Video Analysis

Why video analysis? I started using videos in my jump classes because no human eye can catch the subtleties in form and gaiting that we are trying to coach and improve. Video gives us the information we need to help dogs jump better, run better and be better athletes.

 

Teaching Safe Backside Approaches

Jumping is like dance. The motor coordination, balance, and strength required to do it well takes practice. The coaching and drills that support great jumping hone individual skills such as: jumping in extension, collection, relative collection, turning, bending, slicing, convergence, front leg lead changes, counter-cantering lead changes and on and on. We focus on all of these, plus common patterns like 180s, pinwheels, backsides.

I want my dog to be a problem-solver, to take on all sorts of jump patterns and problems with confidence. This only comes with loads of practice building layers of skill til we create expert, confident, capable jumpers. This video from Jump Class illustrates how we help dogs to pattern a safe takeoff on backside jumping approaches. You'll see in this video of Revv (thanks for letting me share Donna Browne!) how dogs will balance their lead to the outside rear leg as they go around a wing (counter-canter).

Here we are pressuring Revv to put in the extra stride and weight shift in the rear after he comes around the wing so that he is using both rear legs and powering over the jump, rather than flinging over with all the pressure on a single rear leg as you will commonly see in dogs without the benefit of this training. Unsafe landing side approaches contribute to undue stress on knees and psoas ligaments. We want to mitigate this stress with appropriate jump training.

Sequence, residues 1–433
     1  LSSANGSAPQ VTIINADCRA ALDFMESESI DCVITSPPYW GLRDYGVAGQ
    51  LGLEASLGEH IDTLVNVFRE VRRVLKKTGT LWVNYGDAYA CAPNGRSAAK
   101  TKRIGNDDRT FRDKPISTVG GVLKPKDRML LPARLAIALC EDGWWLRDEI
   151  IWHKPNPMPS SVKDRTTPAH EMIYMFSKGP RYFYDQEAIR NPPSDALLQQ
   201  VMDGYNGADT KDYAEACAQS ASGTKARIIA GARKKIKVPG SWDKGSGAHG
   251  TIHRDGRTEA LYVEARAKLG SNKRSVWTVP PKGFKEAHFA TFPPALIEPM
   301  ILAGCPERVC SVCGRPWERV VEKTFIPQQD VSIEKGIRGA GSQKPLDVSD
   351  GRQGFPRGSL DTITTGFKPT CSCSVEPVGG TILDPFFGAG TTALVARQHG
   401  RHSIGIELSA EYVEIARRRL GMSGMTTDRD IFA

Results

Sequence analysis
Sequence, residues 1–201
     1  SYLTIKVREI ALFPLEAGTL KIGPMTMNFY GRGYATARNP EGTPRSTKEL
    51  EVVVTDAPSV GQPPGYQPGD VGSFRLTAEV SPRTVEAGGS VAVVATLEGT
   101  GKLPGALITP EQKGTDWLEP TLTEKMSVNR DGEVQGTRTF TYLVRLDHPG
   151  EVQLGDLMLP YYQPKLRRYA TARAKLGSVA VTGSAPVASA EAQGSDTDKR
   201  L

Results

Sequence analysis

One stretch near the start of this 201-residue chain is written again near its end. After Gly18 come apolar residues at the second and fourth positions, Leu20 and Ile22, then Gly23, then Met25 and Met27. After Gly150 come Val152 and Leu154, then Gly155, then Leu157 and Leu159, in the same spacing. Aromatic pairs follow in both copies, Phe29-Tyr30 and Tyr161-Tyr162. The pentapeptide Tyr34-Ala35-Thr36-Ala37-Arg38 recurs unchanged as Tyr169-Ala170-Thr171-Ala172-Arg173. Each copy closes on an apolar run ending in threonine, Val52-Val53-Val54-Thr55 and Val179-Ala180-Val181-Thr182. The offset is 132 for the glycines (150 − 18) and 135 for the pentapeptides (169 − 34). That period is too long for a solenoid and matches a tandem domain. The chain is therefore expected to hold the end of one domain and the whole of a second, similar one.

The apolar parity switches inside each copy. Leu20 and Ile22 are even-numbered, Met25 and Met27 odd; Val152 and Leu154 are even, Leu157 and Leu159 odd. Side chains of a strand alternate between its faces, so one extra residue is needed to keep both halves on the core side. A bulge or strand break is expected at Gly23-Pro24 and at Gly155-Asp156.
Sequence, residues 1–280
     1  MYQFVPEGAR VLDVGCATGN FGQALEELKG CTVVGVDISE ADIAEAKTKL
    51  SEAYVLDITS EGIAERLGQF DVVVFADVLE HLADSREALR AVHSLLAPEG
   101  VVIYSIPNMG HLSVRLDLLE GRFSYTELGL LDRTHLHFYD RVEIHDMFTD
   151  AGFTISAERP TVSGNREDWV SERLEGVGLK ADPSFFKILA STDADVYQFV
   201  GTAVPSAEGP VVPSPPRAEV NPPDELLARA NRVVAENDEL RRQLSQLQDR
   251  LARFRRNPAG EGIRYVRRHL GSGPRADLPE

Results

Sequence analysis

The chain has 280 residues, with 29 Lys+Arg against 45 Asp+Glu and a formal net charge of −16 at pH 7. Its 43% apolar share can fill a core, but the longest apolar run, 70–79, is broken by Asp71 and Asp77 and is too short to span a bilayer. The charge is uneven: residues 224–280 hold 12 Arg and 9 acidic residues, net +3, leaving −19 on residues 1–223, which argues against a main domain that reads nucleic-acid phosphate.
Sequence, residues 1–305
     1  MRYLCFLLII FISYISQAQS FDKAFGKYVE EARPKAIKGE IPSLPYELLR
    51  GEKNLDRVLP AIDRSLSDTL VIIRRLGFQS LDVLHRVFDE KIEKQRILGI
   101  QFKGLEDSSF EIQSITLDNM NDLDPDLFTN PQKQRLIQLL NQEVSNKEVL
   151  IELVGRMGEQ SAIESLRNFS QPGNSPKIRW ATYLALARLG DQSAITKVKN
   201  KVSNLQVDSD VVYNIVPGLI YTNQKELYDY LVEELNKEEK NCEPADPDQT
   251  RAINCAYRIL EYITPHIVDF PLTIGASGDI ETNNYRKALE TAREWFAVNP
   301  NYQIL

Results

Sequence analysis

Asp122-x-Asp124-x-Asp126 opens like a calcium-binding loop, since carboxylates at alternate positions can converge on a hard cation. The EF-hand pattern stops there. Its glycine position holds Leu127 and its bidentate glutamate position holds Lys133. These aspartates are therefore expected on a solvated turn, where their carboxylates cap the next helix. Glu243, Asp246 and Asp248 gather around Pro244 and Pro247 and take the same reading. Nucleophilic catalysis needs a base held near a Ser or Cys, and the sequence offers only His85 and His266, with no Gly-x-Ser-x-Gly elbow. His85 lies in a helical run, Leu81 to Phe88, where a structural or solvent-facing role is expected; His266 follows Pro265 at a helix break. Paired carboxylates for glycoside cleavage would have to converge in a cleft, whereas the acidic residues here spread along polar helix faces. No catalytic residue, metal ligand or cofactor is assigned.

Bounce Stride  and Extension Jumping

Anatomy of a bounce. This is a still shot from a Coach's Eye video analysis of Rosa. This is from a session in which we are practicing extension striding and playing with the distances at which we get a bounce, one stride, or two strides. Setting up a practice to isolate extension striding allows dogs to work out this advanced skill without the interference of handling or any other thinking. Figuring out where to bounce and where to put in a stride, where to take off and how to leave bars up in extension while driving to tunnels is a complicated skill that takes time to develop. Proof positive practice works. Rosa improved on each repetition. Watching her make great take off/striding choices by the end of the session was so rewarding!

Book a Private or a Class

For analysis and coaching of your dog's jumping and movement, you can book a private session with me online, or join in one of our group classes ongoing at Nova Dog Sport or the Uniacke Dog Sport Club.

© Copyright excelcanine